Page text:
Spain rampant development followed by a real estate crash made rentals so cheap hotels can not compete.
It has been a successful year so far for Spanish tourism, with the country welcoming a record 34 million international tourists, a 2.9 per cent increase on 2012.
The number coming from Britain rose by 3.4 per cent rise on last year, drawn by a perennially popular mix of beaches, sun and accessible culture.
British tourists made up 23.3 per cent of all international visitors to Spain between January and the end of July 2013, figures released by Spain’s Ministry of Industry, Energy and Tourism showed.
The second biggest group of visitors were French (representing 16.1 per cent of all visitors) followed by Germans (15 per cent).
July was also a record month for visitors to Spain, with 7.9 million overseas holidaymakers heading there.
Catalonia, home to the vibrant city of Barcelona, Girona – home to the world’s best restaurant – and the Pyrenees, was the most visited region during that month.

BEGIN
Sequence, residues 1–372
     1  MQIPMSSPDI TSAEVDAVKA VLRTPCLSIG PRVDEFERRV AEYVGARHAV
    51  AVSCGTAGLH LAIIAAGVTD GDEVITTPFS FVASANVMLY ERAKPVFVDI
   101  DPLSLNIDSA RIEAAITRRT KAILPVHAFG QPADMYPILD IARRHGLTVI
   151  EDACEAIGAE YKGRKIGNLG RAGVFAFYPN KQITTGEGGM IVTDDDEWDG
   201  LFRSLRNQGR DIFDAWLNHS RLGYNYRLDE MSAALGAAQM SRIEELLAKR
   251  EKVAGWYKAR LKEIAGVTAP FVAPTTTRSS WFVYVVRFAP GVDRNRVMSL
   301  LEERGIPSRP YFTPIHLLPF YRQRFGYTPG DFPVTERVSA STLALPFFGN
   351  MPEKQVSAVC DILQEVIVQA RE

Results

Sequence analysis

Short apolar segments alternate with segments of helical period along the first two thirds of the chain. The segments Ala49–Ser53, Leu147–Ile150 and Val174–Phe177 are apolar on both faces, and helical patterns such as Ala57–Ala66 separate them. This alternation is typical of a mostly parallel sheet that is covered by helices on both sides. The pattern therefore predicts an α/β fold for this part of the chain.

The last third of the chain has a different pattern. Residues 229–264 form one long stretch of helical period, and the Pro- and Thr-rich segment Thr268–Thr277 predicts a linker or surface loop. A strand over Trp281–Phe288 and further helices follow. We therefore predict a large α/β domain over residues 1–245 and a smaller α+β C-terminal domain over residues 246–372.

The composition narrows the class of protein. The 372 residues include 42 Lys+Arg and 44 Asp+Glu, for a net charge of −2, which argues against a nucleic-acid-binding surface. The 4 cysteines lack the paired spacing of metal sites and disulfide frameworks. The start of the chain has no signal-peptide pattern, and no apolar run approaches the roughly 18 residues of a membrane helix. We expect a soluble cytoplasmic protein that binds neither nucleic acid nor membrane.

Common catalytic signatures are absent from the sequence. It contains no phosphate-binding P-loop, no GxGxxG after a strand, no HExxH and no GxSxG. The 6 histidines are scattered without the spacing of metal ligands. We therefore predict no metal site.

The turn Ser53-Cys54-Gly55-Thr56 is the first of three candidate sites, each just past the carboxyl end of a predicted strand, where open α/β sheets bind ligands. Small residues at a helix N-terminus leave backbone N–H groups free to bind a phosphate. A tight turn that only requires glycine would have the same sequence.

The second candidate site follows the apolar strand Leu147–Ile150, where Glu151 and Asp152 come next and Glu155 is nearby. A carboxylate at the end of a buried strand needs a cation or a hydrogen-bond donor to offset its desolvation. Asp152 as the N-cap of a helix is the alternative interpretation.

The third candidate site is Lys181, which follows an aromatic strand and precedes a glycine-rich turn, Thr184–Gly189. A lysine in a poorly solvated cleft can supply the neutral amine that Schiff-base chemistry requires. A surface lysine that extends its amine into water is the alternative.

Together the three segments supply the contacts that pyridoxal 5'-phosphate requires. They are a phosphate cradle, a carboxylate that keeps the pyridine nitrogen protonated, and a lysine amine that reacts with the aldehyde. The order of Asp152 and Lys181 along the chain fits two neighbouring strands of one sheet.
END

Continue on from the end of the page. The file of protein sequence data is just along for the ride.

The Balearics followed closely, attracting more than two million visitors in July, with increasing numbers from Germany, Britain, Scandanavia and Russia.
Andalusia, a region associated with sherry, tapas, whitewashed hill towns and beaches, saw the largest rise in international visitors, seeing almost one million tourist arrivals in July, a jump of 8.5 per cent.
Package holidays were ten per cent more popular during July but otherwise showed a decline (1.3 per cent) compared with the same month last year.
More holidaymakers opted to stay in forms of accommodation other than hotels this year, with 40 per cent either opting for rented accommodation, or staying with friends or family, a rise of 4.3 per cent on last year.
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Photo Credit: Tourists in Spain are helping boost the country's economy. But their new preference for rentals or friends' houses instead of hotels isn't welcome news for the hospitality sector. John Seb Barber / Flickr
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